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2 to wrich the descrita cie, Itrimes considerably 1 21.0 with a tremendous aspi the traveller, who steals al which art has opened betwe rock is known to the inhabit name of Dunbhaleri, which Dus-BHAILE-RI, i. e. the 1 king. From this rock to are to be seen traces of a ci under the name of Market


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An Seallama, 'n Taura, no
Cha 'n eil slige, no dran, n
Tha iad uile nan tulachain
'San clachaibh nan cluainib
Cha 'n fhaic aineal o 'n les
A haon diu 'sa bharr roi ne

'Sa Sheallama, a theach
An e 'n torr so t'aos làrach
Far am bheil foghnan, frac
Ri bron fo shile na hoiche

Dr. Sanith's Ancient Poem

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last behold from the sea, or desert, ating its head through the cloud. s house of my delight!

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ke heath, and the rank the drop of night

the rank grass

kran of Selma, after its fall, in es of the preceding passage, the present appearance of

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sez, as has been the passages which

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Chualas guth Uillin nan duan,
Is cruit Shelma mu 'n cromadh an cuan.

Carraigthura, p. 132, 0. 509, &c.


The voice of Ullin of songs was heard,
And the harp of Selma round which the ocean bends.

Co 'n nial a cheil anns an t sliabh
Og dhearrsa o Shelma nan tonn?

Cath Loduin, Duan II. p. 28, c. 3, fc.


What cloud has concealed in the hill
The young beam of Selma of waves ?

A Shniobhain as glaise ciabh
Siubhail gu Ard-bhein nan sliabh,
Gu Selma mu 'n iadh an tonn.

Fingal, Duan III. p. 104, v. 41, 8c.


O Snivan of the greyest locks,
Go to Ardven of hills,
To Selma surrounded by the the wave.

Fingal, sitting beneath an oak, at the rock of Selma, and having discovered Connal just landing from Ireland, spoke the following lines :

“ Fo dharaig,” so labhair an righ,
“ Shuidh mi sios ri carraig nan sruth,

“ Nuair dh'eirich Connal thall o 'n chuan “Le sleagh Charthuinn nan ciabh dubh.”

Temora, Duan IV. p. 46, v. 1, &c.


“ Beneath an oak,” thus spoke the king,
“ I sat down by the rock of streams, or waves,
“ When Connal rose opposite from the sea
“ With the spear of Carthon of the dark locks.”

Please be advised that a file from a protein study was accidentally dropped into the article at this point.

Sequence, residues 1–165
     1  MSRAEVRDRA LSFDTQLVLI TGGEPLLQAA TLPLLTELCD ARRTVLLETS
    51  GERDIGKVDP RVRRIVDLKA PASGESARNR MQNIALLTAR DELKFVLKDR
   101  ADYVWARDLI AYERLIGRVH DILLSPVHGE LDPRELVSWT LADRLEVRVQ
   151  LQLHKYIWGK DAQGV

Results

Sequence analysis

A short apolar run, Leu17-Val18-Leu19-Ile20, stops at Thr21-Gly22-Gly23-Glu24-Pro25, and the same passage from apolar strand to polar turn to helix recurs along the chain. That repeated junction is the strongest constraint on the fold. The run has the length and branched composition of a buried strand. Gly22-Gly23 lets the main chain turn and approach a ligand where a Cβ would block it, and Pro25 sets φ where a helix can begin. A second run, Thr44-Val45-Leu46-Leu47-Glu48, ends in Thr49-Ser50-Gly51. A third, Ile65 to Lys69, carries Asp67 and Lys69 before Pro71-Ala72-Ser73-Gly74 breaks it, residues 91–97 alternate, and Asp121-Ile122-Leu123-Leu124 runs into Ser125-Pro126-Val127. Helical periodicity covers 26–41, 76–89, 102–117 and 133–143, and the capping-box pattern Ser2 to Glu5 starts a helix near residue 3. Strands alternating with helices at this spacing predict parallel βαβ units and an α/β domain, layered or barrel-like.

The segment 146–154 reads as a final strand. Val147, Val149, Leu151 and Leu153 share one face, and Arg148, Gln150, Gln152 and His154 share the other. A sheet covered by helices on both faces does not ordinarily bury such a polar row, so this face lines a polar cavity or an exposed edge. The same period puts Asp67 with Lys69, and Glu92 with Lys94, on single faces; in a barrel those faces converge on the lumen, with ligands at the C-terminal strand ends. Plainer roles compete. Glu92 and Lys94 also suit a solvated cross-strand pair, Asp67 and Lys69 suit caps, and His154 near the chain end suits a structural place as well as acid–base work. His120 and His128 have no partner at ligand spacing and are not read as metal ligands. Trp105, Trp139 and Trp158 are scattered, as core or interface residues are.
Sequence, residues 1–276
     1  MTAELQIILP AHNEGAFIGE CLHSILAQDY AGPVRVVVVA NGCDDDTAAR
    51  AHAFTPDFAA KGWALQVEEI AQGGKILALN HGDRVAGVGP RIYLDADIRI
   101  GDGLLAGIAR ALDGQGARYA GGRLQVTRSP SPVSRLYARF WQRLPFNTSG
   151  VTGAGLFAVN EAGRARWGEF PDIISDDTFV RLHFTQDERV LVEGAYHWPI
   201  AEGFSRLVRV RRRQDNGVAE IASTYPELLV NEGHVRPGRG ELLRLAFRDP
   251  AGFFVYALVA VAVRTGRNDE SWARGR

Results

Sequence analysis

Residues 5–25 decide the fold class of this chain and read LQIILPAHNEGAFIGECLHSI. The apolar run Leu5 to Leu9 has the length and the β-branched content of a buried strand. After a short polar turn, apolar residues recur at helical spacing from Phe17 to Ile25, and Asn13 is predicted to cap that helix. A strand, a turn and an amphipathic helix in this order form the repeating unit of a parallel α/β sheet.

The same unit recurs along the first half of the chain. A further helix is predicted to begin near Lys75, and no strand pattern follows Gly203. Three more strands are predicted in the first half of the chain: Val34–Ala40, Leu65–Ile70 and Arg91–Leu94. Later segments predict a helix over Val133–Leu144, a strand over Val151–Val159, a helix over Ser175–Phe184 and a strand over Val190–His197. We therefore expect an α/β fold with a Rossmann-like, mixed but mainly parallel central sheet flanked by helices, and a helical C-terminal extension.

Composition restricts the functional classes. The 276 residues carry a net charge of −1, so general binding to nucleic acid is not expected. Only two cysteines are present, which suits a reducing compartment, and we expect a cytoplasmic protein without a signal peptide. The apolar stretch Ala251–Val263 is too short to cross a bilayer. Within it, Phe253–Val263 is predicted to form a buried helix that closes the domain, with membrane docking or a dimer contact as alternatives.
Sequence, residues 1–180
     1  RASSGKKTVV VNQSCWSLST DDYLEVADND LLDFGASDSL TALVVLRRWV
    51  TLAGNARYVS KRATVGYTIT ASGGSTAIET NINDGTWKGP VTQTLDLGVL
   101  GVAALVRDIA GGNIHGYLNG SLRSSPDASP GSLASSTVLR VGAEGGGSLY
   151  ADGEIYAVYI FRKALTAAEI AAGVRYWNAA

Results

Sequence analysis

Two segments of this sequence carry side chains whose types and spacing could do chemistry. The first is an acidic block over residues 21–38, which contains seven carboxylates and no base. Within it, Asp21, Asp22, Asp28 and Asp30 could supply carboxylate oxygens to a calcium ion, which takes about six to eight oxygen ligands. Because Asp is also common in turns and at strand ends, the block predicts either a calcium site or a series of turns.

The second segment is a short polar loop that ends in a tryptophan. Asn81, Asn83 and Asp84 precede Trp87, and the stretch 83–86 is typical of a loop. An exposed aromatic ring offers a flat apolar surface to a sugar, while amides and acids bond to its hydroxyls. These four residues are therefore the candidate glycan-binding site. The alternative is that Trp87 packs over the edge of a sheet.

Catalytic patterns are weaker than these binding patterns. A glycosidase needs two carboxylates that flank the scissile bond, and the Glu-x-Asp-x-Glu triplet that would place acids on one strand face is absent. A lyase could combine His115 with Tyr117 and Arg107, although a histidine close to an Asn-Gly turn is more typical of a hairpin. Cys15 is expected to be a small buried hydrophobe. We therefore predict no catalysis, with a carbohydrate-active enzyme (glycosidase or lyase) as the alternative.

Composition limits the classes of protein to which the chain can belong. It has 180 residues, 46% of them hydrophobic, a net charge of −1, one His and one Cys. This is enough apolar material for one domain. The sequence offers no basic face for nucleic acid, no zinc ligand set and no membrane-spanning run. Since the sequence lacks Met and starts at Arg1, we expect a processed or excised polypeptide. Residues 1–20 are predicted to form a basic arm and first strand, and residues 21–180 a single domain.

Supposing Selma to be situate as above described, Connal must have landed somewhere about Dunstaffanage; and that the place was then called Dunlora is highly probable, as will appear hereafter.

That Selma was situate on some eminence such as the hill already mentioned, and commanded a prospect of the sea, and of some of the islands, will appear evident from the following quotations.

Thainig mi gu talla an righ,
Gu Selma nan làn bhroilleach oigh.
Thainig Fionnghal bu chorr le bhàird ;
Thainig Conlaoch lamh bàis nan ceud.
Tri laithe bha cuirm 'san ard.

Gaolnandaoine, p. 200, v. 9, &c.


I came to the hall of the king,
To Selma of high-bosomed maids.
Fingal the brave came forth with his bards;
Conloch came, hand of death to hundreds.
Three days we feasted in the high (place).

Bha ghaisgich threin an deigh an righ;
Bha fleagh na slige fial's an aird.

Carraigthura, p. 98, v. 27, 8c.


His brave heros followed the king; [high place. The feast of the generous shell was in the AIRD, or

Mar so mhosgail guth nam bard
Nuair thainig gu talla Shelma nan stuadh
Mile solus a'losgadh mu 'n aird,
Dealadh dealan am meadhon an t sluaigh.

Carthon, p. 148, v. 45, 8c.

Translation. Thus did the voice of the bards awake, When they came to the hall of Selma of waves ; A thousand lights were burning around the high place

, Distributing their blaze amidst the people.

Chaidh 'n oiche thairis am fonn;
Dh' eirich maduinn le sòlas corr;
Chunnacas monadh thar liath cheann nan tonn;
An gorm chuan fo aoibhneas mòr;
Na stuaidh fo chobhar


aomadh thall Mu charraig mhaoil bha fada uainn.

Carthon, p. 160, v. 201, 8c.

Translation. The night passed away in song; Morning arose in extreme joy; Mountains were seen over the grey tops of the waves;

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